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5 minute read

How to Plan Your Paternity Leave Effectively

Fathers in Singapore are typically eligible for two weeks of government-paid paternity leave. Here’s how you can seamlessly navigate your temporary departure with your employer.

Knowing how paternity leave works in Singapore is essential for soon-to-be fathers. With the government providing two weeks of paid paternity leave to eligible applicants, including those self-employed, you’ll have time to bond with your child and support your partner through this demanding time.

However, with many people’s professional and personal lives blending, knowing how best to navigate paternal leave alongside your work commitments can be challenging. Here, we explore how paternity leave works in Singapore and provide tips on organising it effectively with your employer.

How much paternity leave are fathers entitled to in Singapore?

Paternal leave in Singapore, otherwise known as the Government-Paid Paternity Leave (GPPL) scheme, is two weeks long, capped at a weekly rate of $2,500, including Central Provident Fund (CPF) contributions.

However, you’ll need to review the following eligibility criteria before informing your boss of your intention to apply for paternity leave:

  • The baby must be a Singaporean citizen.
  • You must be married to the child’s mother between conception and birth.
  • Fathers must have worked for the same employer continuously for 90 days or more before the birth of their child.
  • Self-employed fathers must have worked for at least 90 days before the child’s birth, and must have lost income during the paternity leave period.

While you’re entitled to two weeks of GPPL, the number of days of leave you receive corresponds to the days you work in a standard week. If you work five days per week, you get ten days of paid leave, but if you typically work six days, you’ll receive 12 days of leave.

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How to use your paternity leave

You can use your GPPL in two ways: with or without a mutual agreement.

If you don’t come to an agreement with your boss, you can take two continuous weeks off within 16 weeks of your child’s birth. This is the default arrangement.

However, if you agree to a flexible arrangement, you can take two consecutive weeks’ leave within 12 months of the child’s birth.

You can also split the two weeks of paternal leave into working days and use them in any combination within 12 months of the child’s birth.

What about shared parental leave in Singapore? 

New fathers in Singapore can also share up to four weeks of their wife’s 16 weeks of Government-Paid Maternity Leave (GPML) if the new mother decides to return to work early. This grants fathers, including those self-employed, a maximum of six weeks of paternity leave. The following criteria determine your eligibility for shared parental leave:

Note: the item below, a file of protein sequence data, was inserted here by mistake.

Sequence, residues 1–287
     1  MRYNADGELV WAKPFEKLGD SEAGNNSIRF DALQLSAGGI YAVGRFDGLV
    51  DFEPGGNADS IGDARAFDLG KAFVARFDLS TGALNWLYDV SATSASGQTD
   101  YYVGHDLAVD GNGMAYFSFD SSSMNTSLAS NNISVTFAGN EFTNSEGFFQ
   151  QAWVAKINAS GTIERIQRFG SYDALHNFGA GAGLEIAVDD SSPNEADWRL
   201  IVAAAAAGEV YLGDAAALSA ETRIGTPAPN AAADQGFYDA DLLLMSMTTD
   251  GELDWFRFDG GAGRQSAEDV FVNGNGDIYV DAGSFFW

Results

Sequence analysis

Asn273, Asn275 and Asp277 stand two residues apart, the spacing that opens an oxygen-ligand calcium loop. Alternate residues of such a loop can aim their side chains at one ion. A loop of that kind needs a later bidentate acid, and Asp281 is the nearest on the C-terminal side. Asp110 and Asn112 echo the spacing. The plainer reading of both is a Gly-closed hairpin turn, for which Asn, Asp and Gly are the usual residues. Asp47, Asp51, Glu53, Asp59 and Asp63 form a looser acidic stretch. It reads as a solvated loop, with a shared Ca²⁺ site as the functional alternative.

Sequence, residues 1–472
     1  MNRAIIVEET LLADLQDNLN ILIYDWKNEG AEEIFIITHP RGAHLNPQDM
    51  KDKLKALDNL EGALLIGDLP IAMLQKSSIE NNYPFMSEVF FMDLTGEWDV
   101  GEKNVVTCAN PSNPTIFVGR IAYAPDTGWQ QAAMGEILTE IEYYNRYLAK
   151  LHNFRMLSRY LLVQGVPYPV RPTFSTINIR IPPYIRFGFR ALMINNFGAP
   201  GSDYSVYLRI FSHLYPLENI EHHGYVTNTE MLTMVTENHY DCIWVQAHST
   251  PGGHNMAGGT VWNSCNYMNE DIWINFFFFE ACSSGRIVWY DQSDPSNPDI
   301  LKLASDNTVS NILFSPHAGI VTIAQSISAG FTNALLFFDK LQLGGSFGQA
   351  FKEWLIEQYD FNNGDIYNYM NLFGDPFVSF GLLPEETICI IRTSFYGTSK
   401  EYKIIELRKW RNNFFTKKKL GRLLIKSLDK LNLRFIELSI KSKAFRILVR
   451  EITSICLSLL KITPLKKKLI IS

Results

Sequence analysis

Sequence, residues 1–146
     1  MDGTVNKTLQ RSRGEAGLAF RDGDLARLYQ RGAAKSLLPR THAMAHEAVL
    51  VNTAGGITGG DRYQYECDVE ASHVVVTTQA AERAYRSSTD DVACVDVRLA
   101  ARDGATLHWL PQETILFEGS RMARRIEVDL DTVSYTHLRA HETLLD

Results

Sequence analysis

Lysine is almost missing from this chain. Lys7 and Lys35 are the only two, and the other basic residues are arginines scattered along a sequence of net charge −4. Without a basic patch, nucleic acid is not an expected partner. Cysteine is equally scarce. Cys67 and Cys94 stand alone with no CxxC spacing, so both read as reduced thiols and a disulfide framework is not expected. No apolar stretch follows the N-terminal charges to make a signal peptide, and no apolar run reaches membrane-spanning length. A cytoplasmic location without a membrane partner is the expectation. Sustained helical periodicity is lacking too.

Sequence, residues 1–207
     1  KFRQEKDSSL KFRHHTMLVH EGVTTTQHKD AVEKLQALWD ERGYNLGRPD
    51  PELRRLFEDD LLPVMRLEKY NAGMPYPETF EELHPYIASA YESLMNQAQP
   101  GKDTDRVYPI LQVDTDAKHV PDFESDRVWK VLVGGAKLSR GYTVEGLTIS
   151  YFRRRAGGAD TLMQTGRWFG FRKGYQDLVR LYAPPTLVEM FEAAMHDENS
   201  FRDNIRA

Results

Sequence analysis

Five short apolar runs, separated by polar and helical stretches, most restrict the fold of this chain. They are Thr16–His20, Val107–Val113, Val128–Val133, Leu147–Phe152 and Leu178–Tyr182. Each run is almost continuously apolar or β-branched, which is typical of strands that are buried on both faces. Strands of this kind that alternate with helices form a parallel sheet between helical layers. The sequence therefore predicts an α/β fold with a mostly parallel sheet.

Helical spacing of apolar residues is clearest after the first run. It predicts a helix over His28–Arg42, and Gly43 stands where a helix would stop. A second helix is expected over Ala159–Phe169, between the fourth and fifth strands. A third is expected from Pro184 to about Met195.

• The baby is a Singaporean citizen.
  • The child’s mother qualifies for GPML.
  • You’re lawfully married to the child’s mother.

Like the GPPL, soon-to-be fathers can take a continuous stretch of four weeks’ leave within 12 months of their child’s birth.

If you come to an agreement with your employer, you can take one to four week-long blocks within 12 months after the child is born. The weekly rate is capped at $2,500, including CPF.

Cheerful adult man in casual clothes smiling and looking at newborn baby drinking milk from bottle spending time at home

Tips for planning your paternity leave

Expecting a baby soon? Here are some helpful tips to ensure you plan your departure with your employer to cause the least fuss.

1. Communicate timing with the boss

Don’t leave discussions about paternal leave until the last minute. Instead, communicate openly with your employer about taking time off in the near future. This way, you can ensure everyone knows how to manage your temporary farewell.

2. Handover your tasks

Conducting a proper handover of your responsibilities before you leave is the ideal way to take paternity leave. Working alongside a colleague, you can get them up to speed on your current tasks and introduce them to stakeholders who might be concerned about your absence.

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3. Keep in the loop

Paternity leave is for spending time with your partner and child. Yet keeping up to date with the latest events at work means you won’t get caught behind once you return. Just be careful not to slide back into old habits about checking your email or getting dragged into work calls.

4. Plan your return

Two weeks might not seem like a massive amount of time, but countless things can change in a busy workplace during that period. Planning your return to the office before you depart for paternity leave ensures others can factor your presence into upcoming projects and schedules.

With your little one on the way, it can be both exciting and stressful, especially with work. As long as you begin working on your schedules ahead of time, you can ensure you have completed all the necessary before you head off for your paternal leave.

Teaming up with your wife to plan her maternal leave alongside your own time off can help make the transition more manageable.

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